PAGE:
Justice for All and the Critical Role of Advocacy
Over the CBF’s first 70 years, advocacy at the federal, state and local levels has been a central part of our overall efforts to improve access to justice and make the legal system more fair and accessible for all. It has been quite a ride and has made a real difference, growing each year and with each new challenge.
So, what’s next, and why is it going to be even more important going forward?
The Growing Importance of Our Legal Community’s Advocacy Leadership
Our profession’s leadership responsibility to help ensure everyone has access to justice is central to who we are as lawyers and legal professionals. The legal community’s pro bono efforts and financial support for legal aid collectively help tens of thousands of people in need in our community to get vital legal assistance each year and continue to be essential, but these efforts alone are not enough to fulfill our responsibility.
We also need to use our leadership to make the case to legislators and officials at all levels of government about the integral role they play in the solution. Equal access to justice is one of our nation’s most fundamental principles and a core governmental responsibility, but government at all levels is falling far short of meeting that responsibility.
The long-term underinvestment in government funding for legal aid is by far the largest driver of the ongoing and sad reality that most low-income and disadvantaged people in our community cannot get the legal help they need today. And many of the larger systemic issues impacting access to justice require a legislative or governmental solution as well, yet too often are not adequately addressed.
These problems will not solve themselves, and our legal community needs to take an active leadership role in advocating for the necessary solutions at all levels. That is why advocacy will play an even more central part in the CBF’s larger efforts going forward, in the following ways:
Funding for Legal Aid
First and foremost, the CBF will continue to fight for increased government funding for legal aid and related initiatives at every level of government.
On the federal level, the Legal Services Corporation continues to play catch up after a long-term falloff that began nearly 40 years ago. Since 1981, LSC’s appropriation has dropped by more than half in real dollars (nearly $500 million!) at the same time as the number of Americans eligible and in need of legal aid has grown significantly. This is counter to who we are as Americans, that we are a country where liberty and justice should be for all, not just those who can afford it.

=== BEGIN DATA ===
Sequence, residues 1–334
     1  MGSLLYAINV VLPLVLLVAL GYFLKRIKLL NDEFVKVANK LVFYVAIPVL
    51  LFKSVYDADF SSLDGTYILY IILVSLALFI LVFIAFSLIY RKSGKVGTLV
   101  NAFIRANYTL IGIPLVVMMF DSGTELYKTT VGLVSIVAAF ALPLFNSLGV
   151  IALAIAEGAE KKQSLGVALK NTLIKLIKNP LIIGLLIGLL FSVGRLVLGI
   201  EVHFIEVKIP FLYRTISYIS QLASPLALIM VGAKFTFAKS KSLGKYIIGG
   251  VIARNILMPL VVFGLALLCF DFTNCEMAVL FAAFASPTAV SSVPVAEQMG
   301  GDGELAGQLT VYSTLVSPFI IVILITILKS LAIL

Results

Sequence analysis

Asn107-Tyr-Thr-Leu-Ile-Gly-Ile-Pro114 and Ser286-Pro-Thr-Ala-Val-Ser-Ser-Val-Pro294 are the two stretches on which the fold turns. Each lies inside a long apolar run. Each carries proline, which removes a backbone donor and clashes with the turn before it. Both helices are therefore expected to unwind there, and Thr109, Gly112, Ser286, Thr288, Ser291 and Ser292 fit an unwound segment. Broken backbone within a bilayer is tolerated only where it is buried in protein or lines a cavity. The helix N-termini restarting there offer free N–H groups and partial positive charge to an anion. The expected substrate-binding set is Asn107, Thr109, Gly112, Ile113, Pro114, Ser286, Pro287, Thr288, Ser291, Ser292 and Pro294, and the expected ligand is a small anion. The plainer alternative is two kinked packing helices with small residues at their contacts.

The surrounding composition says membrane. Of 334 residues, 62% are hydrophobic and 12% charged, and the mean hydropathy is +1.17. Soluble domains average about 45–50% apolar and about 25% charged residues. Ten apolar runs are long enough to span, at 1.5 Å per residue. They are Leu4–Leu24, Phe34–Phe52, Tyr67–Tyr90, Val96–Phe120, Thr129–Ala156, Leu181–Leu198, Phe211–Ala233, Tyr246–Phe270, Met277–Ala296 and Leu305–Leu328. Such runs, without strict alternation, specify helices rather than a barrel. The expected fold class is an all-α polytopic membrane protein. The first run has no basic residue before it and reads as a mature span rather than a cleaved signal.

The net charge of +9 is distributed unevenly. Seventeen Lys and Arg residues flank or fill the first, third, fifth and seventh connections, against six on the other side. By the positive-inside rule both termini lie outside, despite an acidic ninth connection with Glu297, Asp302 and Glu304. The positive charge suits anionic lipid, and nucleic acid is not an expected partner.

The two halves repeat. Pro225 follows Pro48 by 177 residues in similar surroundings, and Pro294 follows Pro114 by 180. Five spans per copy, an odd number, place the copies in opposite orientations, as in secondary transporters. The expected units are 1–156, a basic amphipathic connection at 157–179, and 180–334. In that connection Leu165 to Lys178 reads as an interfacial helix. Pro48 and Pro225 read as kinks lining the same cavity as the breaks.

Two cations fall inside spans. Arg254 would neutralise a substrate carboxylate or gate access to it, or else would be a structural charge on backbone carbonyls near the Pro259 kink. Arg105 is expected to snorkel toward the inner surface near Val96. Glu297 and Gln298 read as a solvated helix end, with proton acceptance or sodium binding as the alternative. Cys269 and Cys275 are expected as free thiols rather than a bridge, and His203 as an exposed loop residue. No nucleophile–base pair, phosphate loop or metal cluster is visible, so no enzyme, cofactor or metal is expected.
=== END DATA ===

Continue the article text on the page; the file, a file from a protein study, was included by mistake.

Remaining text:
On the state level, despite many great champions and some notable successes like the groundbreaking program that helps veterans and military families to navigate the legal system, Illinois continues to rank shockingly low compared to other large states’ investment in legal aid for its residents. It is no secret that Illinois has fiscal issues that will continue to be a challenge for many years to come. Still, we know that beyond the more fundamental reasons for the state to ensure equal access to justice, legal aid has a 2:1 return on investment and is a solid financial choice for our state’s ability to grow and attract more people.
And on the local level, we’ll continue to advocate for programs like the Mortgage Foreclosure Mediation Program and others like it, as the needs of the courts and our community change and evolve. One concrete idea? Make sure that the civil court system is reflected in the County budget by name. Right now, this funding, along with the rest of the court’s budget, falls under the heading of “public safety,” which discounts the significance of the civil justice system and the integral role it plays in our community.
While we understand that financial challenges at every level of government will persist, there is a critical need for vast increases in funding for legal aid and related initiatives. The CBF will continue to be there to help lead the charge.
Student Debt and Access to Justice
We recently wrote a lengthier blog post on this subject that explains the reasons for our work, some of the improvements thus far, and how we see a path forward.
In short, our justice system cannot work without the talented attorneys and other legal professionals who commit their lives and careers to helping people in need. It is critical that we support these dedicated professionals and their families by developing a more fair and efficient system for financing higher education and finding ways to lighten the burden of the educational debt they have to incur in order to pursue this work.
Plain Language and Simplification
On the state level, the CBF has taken up the mantle, in partnership with the courts and other dedicated allies, to simplify the court processes and statutory language that so often can be a real barrier to the growing number of people without lawyers trying to navigate a legal system created for a different era. From evictions to court fees to the creation of a new Plain Language Task Force, the CBF has already accomplished much on this front.
But, there is so much more work to be done. Our next targets include simplifying the unduly complex legal terms currently known as “ad damnum,” “prayer for relief,” and “civil asset forfeiture.” We hope that each year, we can build on this work until our statutory scheme and court processes are understandable, efficient, and easier for everyone to navigate.
As we all know, the legislative and political landscape is ever changing. Technological advances and societal challenges will continue to throw us curveballs and create opportunities. What won’t change is that the primary responsibility for ensuring equal access to justice rests with government, the legal community needs to take the lead in making that case, and this will be an even bigger priority for the CBF going forward.